B & B
BEATA PATER/Golden Lady: In which we find Pater trying a new brand of special sauce, totally changing her vibe and sound, and if nothing else, she shows how less is more. Dumping the big band for a piano and bass, Pater has found that spot where Chaka Khan meets eastern Europe for a wildly sexy spin. Deftly mixing cabaret, performance art vibes and 50s black, chick singer moves, this set handily turns everything topsy turvy giving your expectations a real kick in the pants. If you're not impressed with the bitching today's 17 to 23 year olds pass off as singing the blues about life these days, this world wise set is going to put you in a head lock and not let go. This is a real treat for mature tastes that still like to buy albums but just can't find what they want at Target and don't have the time to invest in investigating Amazon. Totally hot.
DIXIE PEACH/Blues With Friends: This guys have been around for 40 years--but not continuously. Here they are again with pretty much the original line up kicking it out like they did back in the day when white boys could have fun playing electric blues. There's no dust on this bunch, even when their lyrics reflect the tongue in cheek sensibilities of two generations ago. Since boomers are destined to get old while not really growing up along they way, this is a great time for any pot bellied former frat boy, even if he can't sell a dad and lad experience (but maybe the grand kids will come around and get some kicks). Fun stuff by pros that know how to serve up the real deal.
JAMES ARMSTRONG/Guitar Angels: Armstrong started out strong and just keeps getting better. This new one starts off with a rolling and rollicking nu jump blues that brings the grins as well as the smoke. While it's not all grins and giggles lyrically, the music stays hot no matter where these blues takes it. This s a cat that got the goods and knows how to deliver them with no chips or dents. Hot stuff contemporary blues fans are going to flip for.
DAUNIELLE: We seem to be entering a new golden age of pissed off, middle aged black women that really know how to serve up red hot blues and R&B. A legacy from Memphis (her pop was one of Stax's Mad Lads) she doesn't sound like someone that's been making a living backing up Huey Lewis and maybe that's why she's letting it all out here. A musical vet that's making her solo debut, she's in good hands with Jim Gaines producing and the Catfood ‘house band' playing up a storm for her. If you've been wondering where the new Koko Taylors are going to come from, here's the proof you just have to be patient because they just don't grow on trees. Killer stuff throughout.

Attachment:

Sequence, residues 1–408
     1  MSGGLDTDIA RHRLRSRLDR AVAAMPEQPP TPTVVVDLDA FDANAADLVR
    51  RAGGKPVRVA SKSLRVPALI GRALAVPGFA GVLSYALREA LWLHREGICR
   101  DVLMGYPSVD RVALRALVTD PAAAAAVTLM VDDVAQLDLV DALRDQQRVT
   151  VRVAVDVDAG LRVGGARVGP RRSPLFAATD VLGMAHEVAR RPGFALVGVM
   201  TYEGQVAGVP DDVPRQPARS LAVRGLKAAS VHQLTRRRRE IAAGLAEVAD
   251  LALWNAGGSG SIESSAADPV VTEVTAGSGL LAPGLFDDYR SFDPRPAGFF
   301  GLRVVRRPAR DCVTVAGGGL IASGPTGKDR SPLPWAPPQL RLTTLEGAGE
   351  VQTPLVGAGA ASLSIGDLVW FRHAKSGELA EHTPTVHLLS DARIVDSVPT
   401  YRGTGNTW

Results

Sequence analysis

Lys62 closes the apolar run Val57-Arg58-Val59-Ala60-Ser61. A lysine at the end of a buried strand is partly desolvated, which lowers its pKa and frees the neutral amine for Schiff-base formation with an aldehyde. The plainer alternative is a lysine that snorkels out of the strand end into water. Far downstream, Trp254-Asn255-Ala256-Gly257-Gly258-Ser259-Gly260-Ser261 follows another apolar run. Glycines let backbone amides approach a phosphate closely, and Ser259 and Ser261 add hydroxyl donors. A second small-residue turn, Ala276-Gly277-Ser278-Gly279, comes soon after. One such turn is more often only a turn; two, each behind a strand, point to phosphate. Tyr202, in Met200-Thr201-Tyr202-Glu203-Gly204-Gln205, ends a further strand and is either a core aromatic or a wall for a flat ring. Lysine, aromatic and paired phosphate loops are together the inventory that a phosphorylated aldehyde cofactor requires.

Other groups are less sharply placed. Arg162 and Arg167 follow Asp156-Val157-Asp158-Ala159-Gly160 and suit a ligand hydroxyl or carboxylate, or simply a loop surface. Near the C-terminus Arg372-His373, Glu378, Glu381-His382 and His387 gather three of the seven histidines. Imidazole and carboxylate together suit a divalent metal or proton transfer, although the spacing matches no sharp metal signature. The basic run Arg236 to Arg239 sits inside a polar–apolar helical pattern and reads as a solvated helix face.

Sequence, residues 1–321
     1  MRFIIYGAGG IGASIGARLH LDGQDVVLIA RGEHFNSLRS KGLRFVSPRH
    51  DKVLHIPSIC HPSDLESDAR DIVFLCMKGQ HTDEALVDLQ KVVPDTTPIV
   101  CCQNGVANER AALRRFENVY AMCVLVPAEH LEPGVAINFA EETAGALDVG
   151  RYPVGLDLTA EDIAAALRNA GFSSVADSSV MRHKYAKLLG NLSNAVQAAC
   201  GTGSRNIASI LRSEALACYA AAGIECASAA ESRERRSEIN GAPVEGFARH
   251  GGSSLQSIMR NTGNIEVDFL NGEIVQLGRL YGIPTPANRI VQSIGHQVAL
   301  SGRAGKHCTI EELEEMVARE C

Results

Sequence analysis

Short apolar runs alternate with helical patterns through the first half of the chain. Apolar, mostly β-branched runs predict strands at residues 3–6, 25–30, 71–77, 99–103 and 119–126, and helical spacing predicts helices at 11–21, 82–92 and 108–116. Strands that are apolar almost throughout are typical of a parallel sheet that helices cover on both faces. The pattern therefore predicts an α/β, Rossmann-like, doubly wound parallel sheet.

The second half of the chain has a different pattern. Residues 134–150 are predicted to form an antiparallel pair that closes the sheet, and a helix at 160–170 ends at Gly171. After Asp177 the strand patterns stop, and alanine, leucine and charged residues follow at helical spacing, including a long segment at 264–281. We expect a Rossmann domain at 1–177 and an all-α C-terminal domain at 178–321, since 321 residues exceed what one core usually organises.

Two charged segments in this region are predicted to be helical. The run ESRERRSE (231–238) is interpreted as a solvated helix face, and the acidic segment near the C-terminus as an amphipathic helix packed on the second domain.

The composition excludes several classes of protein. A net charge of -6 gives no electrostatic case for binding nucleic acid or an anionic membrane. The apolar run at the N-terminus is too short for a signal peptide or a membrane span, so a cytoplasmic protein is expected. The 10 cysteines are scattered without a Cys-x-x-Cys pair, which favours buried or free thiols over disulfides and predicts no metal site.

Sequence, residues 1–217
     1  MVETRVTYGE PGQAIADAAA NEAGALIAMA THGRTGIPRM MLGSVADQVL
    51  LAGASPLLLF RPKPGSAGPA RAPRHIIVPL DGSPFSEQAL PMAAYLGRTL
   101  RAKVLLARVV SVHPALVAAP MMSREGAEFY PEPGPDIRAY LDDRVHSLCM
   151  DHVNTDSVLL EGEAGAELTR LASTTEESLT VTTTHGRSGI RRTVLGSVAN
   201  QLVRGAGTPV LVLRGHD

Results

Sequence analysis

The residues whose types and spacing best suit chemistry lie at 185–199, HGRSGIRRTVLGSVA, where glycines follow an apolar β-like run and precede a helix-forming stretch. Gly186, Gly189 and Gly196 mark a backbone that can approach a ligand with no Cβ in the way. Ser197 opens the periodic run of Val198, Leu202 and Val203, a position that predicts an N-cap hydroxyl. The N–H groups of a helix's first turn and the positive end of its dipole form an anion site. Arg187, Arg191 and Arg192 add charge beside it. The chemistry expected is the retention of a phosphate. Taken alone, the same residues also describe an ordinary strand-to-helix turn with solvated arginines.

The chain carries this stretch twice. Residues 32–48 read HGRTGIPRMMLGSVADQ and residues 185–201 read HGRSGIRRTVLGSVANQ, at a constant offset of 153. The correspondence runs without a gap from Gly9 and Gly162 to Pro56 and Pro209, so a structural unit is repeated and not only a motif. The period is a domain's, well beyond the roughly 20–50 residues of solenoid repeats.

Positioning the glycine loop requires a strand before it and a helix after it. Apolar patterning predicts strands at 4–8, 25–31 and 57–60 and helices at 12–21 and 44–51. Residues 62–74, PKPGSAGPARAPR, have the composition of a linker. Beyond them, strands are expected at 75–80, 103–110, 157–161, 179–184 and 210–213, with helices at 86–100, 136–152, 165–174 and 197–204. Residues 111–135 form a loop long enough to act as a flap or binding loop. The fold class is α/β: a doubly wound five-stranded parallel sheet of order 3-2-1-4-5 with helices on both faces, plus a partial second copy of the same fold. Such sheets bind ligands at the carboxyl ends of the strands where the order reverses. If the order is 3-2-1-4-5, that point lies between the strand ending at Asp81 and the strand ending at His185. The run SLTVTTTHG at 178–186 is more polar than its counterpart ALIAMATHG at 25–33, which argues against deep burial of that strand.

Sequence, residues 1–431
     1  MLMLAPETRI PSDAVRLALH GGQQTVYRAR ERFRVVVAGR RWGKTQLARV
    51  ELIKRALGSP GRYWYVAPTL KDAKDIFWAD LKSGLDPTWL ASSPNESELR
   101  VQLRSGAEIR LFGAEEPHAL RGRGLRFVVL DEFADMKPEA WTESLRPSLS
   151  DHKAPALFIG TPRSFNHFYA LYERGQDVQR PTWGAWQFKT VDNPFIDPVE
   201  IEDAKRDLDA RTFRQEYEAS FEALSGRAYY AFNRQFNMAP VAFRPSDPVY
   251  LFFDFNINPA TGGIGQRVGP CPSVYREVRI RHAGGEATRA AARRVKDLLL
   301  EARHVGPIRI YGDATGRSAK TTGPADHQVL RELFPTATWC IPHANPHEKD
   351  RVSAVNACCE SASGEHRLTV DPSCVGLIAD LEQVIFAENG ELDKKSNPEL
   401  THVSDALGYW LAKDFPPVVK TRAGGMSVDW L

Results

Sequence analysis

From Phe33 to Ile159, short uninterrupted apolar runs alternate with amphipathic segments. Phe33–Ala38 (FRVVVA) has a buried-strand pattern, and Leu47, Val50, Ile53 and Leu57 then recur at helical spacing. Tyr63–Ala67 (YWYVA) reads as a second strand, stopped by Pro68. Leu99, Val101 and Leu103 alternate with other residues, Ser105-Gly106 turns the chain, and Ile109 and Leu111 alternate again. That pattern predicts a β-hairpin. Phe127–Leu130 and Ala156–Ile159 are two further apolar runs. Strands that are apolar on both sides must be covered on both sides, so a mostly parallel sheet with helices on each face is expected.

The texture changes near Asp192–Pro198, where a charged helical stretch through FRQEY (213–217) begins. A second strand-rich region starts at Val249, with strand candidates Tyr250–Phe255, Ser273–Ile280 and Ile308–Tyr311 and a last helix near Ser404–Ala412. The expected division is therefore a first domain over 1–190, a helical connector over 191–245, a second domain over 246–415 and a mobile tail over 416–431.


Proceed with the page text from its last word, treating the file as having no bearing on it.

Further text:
LOST WORLD MUSIC
FRANK DiBUSSOLO GROUP/Songs to Write Home About: There's an interesting and fun mix going on here. A vet guitarist that sounds like he was taught by Bucky Pizzarelli or Joe Pass teams up with some pals and a young vocalist that couldn't sound more like a classic jazz thrush if Pro Tools was turned up to 10. Sticking with WWII themes and imagery throughout, the players are in the pocket and the songbird in front of it all is a joy. Just when you think you'll turn green with one more trip down memory lane comes a sweet set like this to turn your thinking around. Killer stuff that's a gasser throughout.
FERENC ILLENYI/Gypsy Dream: So what happens when the first violinist of the Houston Symphony suddenly gets pinged by his atavistic Hungarian roots and needs to give them voice? Well, suppose the opening riffs from Leonard Cohen's "Dance Me to the End of Love" were given a life their own, in capable hands. Where would they wind up? On this record. Illenyi is obviously a no nonsense player and here, we find him literally flexing muscles he doesn't use in classical music. The result is some of the wildest Grappelli flavored world beat you are going to find in the market today. Killer stuff that blows your ears wide open, more with it's presence than it's power, that really goes the distance. This is the kind of stuff that shows it can stand the test of time in the end. Why wait? You can enjoy it now. Hot stuff throughout.
ADRIANNA MARIE and Her Groovecutters/Double Crossing Blues: Do you miss the fun Lavay Smith brought during the swing revival? It's back. A singer with a long musical life that snagged a blues best new artist nomination, Marie is a musical sponge that soaked up influences from Kingston Trio to Memphis Minnie and let that all be her classroom. She learned all her lessons well. A release too energetic to be ghettoized solely into a blues corner, it is a blues/R&B record but it's big and bold enough to break down barriers as well. This is one hard hitting gal that knows how to set the table for a good time and deliver on all promises---and then some. All this from the child of folk singers? This is purely a hot time in the old town tonight! Check it out.
LAURA McMILLAN/Storybook Love: A life long classical pianist finds true happiness by turning to new age/NAC and setting that corner of the world on fire. To follow up, she's attacking the keyboard with a vigor and passion that shows she wasn't just genre hopping for commercial satisfaction. Solo piano with no noodling, McMillan rivals Jim Brickman for romantic piano playing giving a nice counter to his work since she's coming at the subject from the distaff side. A warm, tasty recording, she's a perfect example of how you can take a niche and make it take on a size and scale all it's own. A must for all solo piano fans to hear. Well done.
Volume 38/Number 91
January 31, 2014
830 W. Route 22 #144
Lake Zurich, IL., 60047
CHRIS SPECTOR, Editor and Publisher
Copyright 2014 Midwest Record
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